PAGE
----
Category: Girl Names
Our tally of the 100 most popular girls’ names of 2012 on Nameberry is in, and we have a new Number 1: Katniss.
The predominance of Katniss is more a testament to the power of the Hunger Games franchise than to baby name trends.
Our Number 2 girls’ name Charlotte, which has been Nameberry’s most popular girls’ name every year until now, is more reflective of a name that will actually be chosen by parents. Imogen, which has moved up from Number 6 to claim the Number 3 spot, is another choice we see on the rise in the real world, though it has yet to break into the U.S. Top 1000.
The girls’ names that have risen the most places since our 2011 count are:
To clear up any misunderstanding, let me say straight off that these are not literally sister and brother names — you would decidedly NOT want to name your children Oliver and Olivia or Seren and Soren.
What we’re talking about are names themselves that are closely related, male and female versions of names with similar sounds and feels, too close to bestow on actual siblings but offering parents boys’ and girls’ choices of what are virtually if not literally the same names.
We’ve written a lot recently about unisex names — the same name used for both genders, like Rory or Emerson — and we’ve also touched on the recent phenomenon of boys’ names that have risen to popularity on the coattails of their trendy sisters: Emmett from Emma, for instance, or Everett from the Eve contingent.
That can work the other way too, with a fashionable boys’ name inspiring the rise of a similar-sounding sister name. In fact, does it really matter which gender’s popularity comes first? We see a lot of trendy names these days with both female and male counterparts, so that if you’re attracted to a certain sound or style, you can use whichever version of the name fits your baby’s gender.
But others don’t share an origin and developed separately, only to be connected at this point in baby name history by their similar feel and the desire on the part of parents for baby name parity, even if they’re not interested in using unisex names.
As summer slipped into fall, I was convinced we’d never learn the name of Uma Thurman’s new daughter. And then suddenly, there was the announcement. And what an announcement! With five given names, a double-barreled surname, and a nickname to boot, no wonder last week’s baby name news was dominated by discussions of the not-quite-new arrival.
Uma and fiancé Arpad Busson have solid baby naming credentials. Uma is already mom to Maya Ray and Levon with ex-husband Ethan Hawke. Arpad has sons named Arpad Flynn and Aurelius Cy with supermodel Elle MacPherson. The boys answer to Flynn and Cy. It’s easy to imagine the parents struggling to narrow down their list. I also wonder which of the six names they gave little Luna will prove to be the most influential.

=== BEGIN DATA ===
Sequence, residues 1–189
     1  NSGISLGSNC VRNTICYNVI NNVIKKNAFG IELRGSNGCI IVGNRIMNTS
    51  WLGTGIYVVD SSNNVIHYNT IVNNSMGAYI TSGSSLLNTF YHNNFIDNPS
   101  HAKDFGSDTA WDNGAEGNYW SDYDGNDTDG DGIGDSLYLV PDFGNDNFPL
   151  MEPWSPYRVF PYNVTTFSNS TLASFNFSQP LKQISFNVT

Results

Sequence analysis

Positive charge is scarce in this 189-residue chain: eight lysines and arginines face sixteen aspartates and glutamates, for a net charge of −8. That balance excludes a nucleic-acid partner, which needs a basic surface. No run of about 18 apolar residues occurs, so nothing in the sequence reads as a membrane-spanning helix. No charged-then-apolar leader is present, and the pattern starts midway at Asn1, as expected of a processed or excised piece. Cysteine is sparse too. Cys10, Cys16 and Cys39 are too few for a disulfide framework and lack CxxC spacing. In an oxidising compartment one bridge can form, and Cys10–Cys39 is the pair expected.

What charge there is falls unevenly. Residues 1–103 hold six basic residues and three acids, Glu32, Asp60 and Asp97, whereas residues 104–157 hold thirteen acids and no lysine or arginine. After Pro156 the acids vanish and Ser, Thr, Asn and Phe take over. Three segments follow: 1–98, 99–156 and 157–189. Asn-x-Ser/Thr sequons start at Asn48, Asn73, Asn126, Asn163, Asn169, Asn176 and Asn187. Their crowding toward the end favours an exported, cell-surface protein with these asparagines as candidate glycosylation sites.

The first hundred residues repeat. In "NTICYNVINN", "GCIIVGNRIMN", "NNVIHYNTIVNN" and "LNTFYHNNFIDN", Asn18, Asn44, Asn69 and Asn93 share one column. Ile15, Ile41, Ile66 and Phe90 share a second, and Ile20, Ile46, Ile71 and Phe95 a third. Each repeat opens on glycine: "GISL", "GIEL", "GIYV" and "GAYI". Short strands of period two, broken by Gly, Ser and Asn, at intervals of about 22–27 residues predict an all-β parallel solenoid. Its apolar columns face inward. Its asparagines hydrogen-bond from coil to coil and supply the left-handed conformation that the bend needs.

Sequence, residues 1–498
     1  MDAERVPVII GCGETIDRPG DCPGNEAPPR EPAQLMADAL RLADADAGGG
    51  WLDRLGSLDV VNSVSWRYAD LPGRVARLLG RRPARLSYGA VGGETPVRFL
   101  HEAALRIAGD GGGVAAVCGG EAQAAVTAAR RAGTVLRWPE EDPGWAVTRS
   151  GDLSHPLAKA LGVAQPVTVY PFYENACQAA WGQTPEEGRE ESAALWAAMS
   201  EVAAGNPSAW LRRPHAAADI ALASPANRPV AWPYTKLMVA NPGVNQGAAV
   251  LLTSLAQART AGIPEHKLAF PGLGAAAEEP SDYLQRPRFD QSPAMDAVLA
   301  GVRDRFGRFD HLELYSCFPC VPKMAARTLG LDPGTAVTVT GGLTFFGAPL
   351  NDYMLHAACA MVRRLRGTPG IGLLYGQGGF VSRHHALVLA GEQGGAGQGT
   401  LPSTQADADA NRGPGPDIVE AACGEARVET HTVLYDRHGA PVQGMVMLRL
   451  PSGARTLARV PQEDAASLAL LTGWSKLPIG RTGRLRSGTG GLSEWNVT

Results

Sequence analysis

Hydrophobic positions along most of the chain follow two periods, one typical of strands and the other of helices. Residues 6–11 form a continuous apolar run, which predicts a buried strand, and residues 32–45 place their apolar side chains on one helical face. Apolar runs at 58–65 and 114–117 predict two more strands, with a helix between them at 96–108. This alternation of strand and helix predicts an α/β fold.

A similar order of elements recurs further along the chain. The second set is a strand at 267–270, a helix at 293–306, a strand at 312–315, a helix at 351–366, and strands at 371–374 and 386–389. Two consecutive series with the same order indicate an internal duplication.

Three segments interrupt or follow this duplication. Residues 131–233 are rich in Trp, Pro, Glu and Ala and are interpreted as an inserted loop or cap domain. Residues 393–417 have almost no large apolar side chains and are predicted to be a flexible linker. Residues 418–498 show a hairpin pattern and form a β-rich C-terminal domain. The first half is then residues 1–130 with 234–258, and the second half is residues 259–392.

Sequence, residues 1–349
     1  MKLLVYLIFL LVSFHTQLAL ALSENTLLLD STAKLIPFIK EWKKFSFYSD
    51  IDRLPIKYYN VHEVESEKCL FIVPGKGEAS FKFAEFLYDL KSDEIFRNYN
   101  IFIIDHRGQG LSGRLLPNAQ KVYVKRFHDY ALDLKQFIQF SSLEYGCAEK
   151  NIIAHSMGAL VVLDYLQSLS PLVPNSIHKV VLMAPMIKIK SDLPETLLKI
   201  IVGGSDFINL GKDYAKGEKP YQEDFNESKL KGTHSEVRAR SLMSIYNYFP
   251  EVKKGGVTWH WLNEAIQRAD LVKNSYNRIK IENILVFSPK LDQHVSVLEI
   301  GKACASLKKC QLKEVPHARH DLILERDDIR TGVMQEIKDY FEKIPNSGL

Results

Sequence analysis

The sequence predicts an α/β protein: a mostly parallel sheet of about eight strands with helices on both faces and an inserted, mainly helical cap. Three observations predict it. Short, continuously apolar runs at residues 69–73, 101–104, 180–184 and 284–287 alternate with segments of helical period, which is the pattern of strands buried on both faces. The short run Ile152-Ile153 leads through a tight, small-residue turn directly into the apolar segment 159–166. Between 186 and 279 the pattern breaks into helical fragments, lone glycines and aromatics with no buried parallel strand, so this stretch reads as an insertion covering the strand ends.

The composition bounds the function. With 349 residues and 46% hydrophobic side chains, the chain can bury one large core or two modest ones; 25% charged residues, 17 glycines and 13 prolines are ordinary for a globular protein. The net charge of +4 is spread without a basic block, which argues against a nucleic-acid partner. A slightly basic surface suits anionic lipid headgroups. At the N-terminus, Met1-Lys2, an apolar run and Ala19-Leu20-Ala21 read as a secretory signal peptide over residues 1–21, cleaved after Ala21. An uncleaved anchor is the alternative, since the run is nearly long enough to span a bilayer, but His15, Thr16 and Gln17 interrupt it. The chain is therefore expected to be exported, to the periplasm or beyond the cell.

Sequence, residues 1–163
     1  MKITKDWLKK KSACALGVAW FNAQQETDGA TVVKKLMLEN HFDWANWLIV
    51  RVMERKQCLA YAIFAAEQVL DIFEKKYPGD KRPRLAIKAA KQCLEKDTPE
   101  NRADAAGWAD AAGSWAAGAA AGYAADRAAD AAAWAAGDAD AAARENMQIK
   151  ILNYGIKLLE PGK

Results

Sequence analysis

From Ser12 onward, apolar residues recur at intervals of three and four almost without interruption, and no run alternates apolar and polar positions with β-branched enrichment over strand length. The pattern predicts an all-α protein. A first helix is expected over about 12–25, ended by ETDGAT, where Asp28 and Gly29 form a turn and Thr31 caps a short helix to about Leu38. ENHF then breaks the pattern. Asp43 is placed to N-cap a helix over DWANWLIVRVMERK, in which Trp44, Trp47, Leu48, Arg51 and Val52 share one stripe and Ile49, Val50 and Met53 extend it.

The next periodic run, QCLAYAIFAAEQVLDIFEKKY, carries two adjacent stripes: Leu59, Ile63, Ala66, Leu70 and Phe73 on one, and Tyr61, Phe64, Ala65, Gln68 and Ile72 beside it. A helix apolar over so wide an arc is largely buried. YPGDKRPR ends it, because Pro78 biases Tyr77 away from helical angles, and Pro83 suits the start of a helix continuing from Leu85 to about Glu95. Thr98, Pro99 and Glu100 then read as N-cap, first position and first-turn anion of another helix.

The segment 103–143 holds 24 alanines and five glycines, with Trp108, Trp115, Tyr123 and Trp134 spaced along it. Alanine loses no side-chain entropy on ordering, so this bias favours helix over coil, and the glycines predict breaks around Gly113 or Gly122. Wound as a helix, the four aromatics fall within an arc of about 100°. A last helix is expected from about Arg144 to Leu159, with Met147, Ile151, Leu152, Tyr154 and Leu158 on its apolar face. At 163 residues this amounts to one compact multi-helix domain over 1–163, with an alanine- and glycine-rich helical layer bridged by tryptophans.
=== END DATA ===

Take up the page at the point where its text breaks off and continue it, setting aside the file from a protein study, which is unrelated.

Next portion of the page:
Is it too much name? Will she be forced to answer to Rosalind A.A.A.F. Busson-Thurmon on official documents? Let’s say this: with family sizes shrinking, I completely understand the desire to use up all of our favorite names and honor all of our loved ones at once. Yes, it makes for a long name – and yes, even the future King of England only has three middles – but I suspect many of us would be tempted to do the same.
Around this time every year, we peek behind the Nameberry curtain to see which names are the most popular with our visitors. This Top 100 for each gender, which reflects views of the name pages on our site, indicates which names have captured the most interest since the start of the year.
The girls’ list is evidence of both pop culture events along with future baby name trends. Some analysis:
— The Hunger Games is the obvious inspiration for Katniss at Number 1. We don’t ever expect to see Katniss — or Primrose or Rue — in the U.S. Top 100 for real live baby girls. But the appeal of the heroine inspires a great amount of curiosity about her unusual name.
— Celebrities and their babies attract a lot of page views, which sometimes translate into baby name trends. Names high on the Nameberry list thanks to celebrities and starbabies include Harper, Seraphine, Penelope, Violet, Isla, and Scarlett. And these are all names that will continue to rise in the national name statistics as well, we predict.
There’s a new generation of mom names, not the midcentury Kathys and Sues that are fast becoming grandma names, but the names of young moms today, born for the most part in the 70s and 80s, their names acquiring a more grownup image as they’ve grown up themselves.
This blog was inspired by the discussion of mom names over on the forums. On that board, berries are discussing their own moms’ names plus the names of moms they know who have young children.
Of course, not every name of a twenty-or-thirty-something mother qualifies as a mom name. What does?